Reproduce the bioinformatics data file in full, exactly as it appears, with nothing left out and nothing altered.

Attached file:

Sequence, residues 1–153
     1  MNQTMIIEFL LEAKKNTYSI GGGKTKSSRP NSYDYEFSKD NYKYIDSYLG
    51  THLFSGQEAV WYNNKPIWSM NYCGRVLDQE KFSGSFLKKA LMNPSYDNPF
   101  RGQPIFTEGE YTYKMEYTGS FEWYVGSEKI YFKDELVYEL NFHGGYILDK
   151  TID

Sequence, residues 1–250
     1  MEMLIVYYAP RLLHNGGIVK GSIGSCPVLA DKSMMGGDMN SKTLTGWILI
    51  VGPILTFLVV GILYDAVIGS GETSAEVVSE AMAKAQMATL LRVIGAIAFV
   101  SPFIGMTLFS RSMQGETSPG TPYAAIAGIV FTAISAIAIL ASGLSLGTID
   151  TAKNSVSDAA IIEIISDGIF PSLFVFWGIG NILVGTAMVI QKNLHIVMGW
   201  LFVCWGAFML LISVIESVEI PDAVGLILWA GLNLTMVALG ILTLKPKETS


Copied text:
Sequence, residues 1–153
     1  MNQTMIIEFL LEAKKNTYSI GGGKTKSSRP NSYDYEFSKD NYKYIDSYLG
    51  THLFSGQEAV WYNNKPIWSM NYCGRVLDQE KFSGSFLKKA LMNPSYDNPF
   101  RGQPIFTEGE YTYKMEYTGS FEWYVGSEKI YFKDELVYEL NFHGGYILDK
   151  TID

Sequence, residues 1–250
     1  MEMLIVYYAP RLLHNGGIVK GSIGSCPVLA DKSMMGGDMN SKTLTGWILI
    51  VGPILTFLVV GILYDAVIGS GETSAEVVSE AMAKAQMATL LRVIGAIAFV
   101  SPFIGMTLFS RSMQGETSPG TPYAAIAGIV FTAISAIAIL ASGLSLGTID
   151  TAKNSVSDAA IIEIISDGIF PSLFVFWGIG NILVGTAMVI QKNLHIVMGW
   201  LFVCWGAFML LISVIESVEI PDAVGLILWA GLNLTMVALG ILTLKPKETS